If I have a favorite type of progressive metal, it's the type that's barely even metal at all -- and, at least in the modern era, my favorite progressive rock acts are the ones that are encroaching on metal territory so seamlessly the distinction starts to lose all meaning. Sadly, the slash in anything labeled "progressive rock/metal" tends to do a lot of heavy lifting - many times it just feels like bands rotate between the two modes as if flipping a switch. Still, there are exceptions: when a band does manage to bridge that divide thoughtfully, it's the slash-territory that hooks me.

Los Angeles supergroup Pineid practically exists only in this interstitial space, widening the gulf between 'rock' and 'metal' and harvesting their debut record Blue Doom from the bountiful, somewhat undefined space within.

Blue Doom wields heaviness as a part of a whole, never allowing aggression to fend for itself alone and yet never fully distancing itself, either. Sublime prog rock grooves meander into harrowing gulches, and blast beats transform into quiet, contemplative reflection: modeled after the forces of change that drive our lives, Blue Doom is a concept album prone to exciting shifts in demeanor.

At times, the album feels like an alternative history to the direction that heavy progressive music took in the last few decades. The first half of "The Tick," with its rousing chuggy riffs and ferocious vocals given an unusual sense of space and presence, could be extrapolated into an absolutely killer stoner-progressive metal album on its own.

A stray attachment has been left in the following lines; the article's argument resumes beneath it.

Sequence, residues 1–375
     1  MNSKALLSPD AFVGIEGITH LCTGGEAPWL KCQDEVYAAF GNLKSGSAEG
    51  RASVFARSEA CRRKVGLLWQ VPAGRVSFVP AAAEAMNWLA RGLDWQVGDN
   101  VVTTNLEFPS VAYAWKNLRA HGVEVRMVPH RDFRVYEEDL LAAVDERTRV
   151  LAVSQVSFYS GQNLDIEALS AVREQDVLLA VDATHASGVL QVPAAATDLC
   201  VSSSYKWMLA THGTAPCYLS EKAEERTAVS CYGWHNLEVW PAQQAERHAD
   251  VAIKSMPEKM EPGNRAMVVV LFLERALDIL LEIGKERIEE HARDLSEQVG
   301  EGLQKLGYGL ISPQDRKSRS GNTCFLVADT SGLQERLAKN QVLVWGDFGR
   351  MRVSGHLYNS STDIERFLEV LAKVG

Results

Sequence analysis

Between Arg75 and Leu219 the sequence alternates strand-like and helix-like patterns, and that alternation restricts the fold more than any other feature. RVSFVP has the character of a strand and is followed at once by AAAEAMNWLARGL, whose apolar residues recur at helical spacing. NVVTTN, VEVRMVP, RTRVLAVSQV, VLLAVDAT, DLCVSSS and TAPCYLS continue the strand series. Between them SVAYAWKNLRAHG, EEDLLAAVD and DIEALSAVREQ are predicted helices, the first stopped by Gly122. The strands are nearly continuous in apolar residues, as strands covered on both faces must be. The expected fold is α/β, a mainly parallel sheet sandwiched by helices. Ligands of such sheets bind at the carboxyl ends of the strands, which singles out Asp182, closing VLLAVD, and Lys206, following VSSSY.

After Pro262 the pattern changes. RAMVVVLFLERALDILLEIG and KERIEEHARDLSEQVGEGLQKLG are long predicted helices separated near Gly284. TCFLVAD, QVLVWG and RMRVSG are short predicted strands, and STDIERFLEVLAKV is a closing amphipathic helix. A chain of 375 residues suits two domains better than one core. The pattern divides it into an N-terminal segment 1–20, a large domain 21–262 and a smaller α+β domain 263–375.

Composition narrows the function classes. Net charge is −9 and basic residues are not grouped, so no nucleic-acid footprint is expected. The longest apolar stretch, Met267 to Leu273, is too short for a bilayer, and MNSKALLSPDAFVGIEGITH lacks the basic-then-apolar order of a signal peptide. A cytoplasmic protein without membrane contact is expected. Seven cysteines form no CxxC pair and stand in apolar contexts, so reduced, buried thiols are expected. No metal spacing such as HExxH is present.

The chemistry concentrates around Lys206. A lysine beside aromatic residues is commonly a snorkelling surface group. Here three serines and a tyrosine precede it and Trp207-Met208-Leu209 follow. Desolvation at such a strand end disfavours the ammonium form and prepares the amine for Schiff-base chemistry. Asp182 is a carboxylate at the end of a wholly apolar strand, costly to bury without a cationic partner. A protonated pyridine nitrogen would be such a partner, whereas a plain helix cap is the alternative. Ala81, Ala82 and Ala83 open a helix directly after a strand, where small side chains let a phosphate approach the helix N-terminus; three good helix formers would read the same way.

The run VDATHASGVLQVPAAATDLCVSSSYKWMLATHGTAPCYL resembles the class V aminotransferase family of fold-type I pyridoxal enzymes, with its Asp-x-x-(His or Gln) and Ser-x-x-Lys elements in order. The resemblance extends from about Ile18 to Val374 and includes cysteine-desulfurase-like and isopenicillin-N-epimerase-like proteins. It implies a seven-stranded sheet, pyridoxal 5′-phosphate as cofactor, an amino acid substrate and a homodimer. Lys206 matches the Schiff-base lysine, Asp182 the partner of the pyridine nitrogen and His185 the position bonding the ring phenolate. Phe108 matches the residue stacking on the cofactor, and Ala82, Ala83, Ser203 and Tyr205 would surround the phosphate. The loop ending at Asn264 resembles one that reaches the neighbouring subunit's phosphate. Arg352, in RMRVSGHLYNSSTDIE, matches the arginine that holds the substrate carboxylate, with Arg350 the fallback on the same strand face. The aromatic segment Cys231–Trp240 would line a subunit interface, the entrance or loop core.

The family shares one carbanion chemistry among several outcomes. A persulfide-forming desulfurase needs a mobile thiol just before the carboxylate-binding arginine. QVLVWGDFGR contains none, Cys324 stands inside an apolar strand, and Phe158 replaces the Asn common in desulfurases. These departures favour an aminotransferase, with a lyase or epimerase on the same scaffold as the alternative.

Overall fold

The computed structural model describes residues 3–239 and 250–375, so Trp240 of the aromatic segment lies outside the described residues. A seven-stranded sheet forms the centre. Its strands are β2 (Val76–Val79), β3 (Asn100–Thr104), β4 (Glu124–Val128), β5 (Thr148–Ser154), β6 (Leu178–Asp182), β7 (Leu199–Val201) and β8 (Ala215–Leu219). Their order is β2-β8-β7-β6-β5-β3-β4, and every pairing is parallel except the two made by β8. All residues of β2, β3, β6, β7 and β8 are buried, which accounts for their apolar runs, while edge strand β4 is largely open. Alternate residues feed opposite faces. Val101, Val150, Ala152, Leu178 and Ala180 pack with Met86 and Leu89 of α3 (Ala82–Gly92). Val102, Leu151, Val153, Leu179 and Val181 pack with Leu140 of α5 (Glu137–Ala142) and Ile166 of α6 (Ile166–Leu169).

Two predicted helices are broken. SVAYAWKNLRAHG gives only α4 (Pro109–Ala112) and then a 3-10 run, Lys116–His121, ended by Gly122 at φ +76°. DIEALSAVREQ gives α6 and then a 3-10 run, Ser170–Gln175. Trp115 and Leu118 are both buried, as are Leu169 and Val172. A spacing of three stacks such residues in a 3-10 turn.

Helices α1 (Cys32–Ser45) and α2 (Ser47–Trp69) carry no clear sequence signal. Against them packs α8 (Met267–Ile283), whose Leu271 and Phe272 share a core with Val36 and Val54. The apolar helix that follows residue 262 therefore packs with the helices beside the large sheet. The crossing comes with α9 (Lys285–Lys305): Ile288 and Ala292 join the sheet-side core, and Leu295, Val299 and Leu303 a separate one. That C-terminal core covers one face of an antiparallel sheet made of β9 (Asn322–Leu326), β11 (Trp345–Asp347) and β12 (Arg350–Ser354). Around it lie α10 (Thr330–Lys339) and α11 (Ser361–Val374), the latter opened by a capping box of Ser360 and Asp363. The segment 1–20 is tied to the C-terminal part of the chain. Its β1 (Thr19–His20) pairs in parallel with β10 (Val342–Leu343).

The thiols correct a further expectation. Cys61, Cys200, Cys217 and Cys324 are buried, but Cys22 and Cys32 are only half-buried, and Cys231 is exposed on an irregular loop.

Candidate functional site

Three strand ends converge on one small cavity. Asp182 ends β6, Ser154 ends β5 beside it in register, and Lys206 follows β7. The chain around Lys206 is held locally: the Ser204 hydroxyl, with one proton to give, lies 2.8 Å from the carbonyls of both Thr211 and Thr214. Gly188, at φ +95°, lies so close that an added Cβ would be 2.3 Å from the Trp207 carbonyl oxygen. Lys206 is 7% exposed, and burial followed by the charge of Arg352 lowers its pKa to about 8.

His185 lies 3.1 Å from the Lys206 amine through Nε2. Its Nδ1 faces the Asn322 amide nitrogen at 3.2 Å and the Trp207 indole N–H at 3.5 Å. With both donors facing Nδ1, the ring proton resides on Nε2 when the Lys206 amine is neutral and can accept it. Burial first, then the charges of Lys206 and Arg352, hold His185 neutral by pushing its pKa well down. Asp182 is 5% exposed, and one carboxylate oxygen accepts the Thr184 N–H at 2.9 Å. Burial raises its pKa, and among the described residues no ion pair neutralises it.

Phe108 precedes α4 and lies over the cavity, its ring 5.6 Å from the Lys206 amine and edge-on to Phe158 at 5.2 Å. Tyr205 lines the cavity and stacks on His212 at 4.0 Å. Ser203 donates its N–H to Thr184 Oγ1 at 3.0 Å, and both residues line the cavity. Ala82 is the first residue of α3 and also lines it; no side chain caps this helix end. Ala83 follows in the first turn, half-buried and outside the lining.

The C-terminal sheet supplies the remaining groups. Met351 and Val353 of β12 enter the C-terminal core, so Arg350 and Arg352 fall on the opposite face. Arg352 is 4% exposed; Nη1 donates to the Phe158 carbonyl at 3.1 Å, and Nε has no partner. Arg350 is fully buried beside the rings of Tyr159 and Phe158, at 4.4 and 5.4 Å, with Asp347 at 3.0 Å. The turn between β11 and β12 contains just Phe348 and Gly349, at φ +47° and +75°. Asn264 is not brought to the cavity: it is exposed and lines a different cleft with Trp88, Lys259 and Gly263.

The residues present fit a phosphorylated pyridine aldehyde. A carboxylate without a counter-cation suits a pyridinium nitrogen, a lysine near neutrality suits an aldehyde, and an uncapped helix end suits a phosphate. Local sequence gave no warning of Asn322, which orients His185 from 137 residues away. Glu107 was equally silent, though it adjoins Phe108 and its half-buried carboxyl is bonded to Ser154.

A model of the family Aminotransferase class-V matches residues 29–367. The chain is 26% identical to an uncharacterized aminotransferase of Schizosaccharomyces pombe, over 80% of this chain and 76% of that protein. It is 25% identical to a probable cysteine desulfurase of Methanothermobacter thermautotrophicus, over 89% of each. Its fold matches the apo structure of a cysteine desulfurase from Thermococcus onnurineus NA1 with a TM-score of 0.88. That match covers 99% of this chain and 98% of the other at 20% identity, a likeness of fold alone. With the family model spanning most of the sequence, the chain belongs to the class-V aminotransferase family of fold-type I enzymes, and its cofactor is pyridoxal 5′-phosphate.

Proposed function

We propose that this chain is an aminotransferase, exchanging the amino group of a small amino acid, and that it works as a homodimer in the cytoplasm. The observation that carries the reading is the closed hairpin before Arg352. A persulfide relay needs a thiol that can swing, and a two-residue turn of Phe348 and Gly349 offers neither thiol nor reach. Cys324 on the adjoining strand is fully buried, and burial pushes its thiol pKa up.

However, given the band's pedigree (members of The Zappa Band, Dethklok, Phoenix Afrobeat Orchestra, and much more), trying to boil Blue Doom down to a few genre tags as a whole is essentially a worthless endeavor, but it must be said: the solid, ass-kicking heavy metal it contains is a critical feature. And yet, the interesting part is how heavy metal never seems to dominate or disappear entirely, always existing in concert with everything else the band has to offer.

Perhaps purposefully, this fits the album's theme perfectly: lives change without warning, and rarely are things all good or all bad. It's a solid concept to meditate on while listening to the album, but look, don't get too lost in thought -- you won't want to miss that sweet groove on "Everything to Now."

Stream the album in full below.



Vocalist/guitarist Jeff Sites, regarding the album's concept:

“I say this with some trepidation, but Blue Doom is a concept album [...]
It is about the things that cause us to make drastic changes in our lives. Some of it is prescriptive, some of it personal, some is paleoanthropology. Lyrically, I try to examine setting out, false destinations, trials, anxiety, forgiveness and plunging into certain death. The music oscillates between supporting this narrative, and serving as a reminder that all stories are simplifications and vulnerable to destruction at the hands of reality.”


Blue Doom releases August 26th via Sympatry Records.

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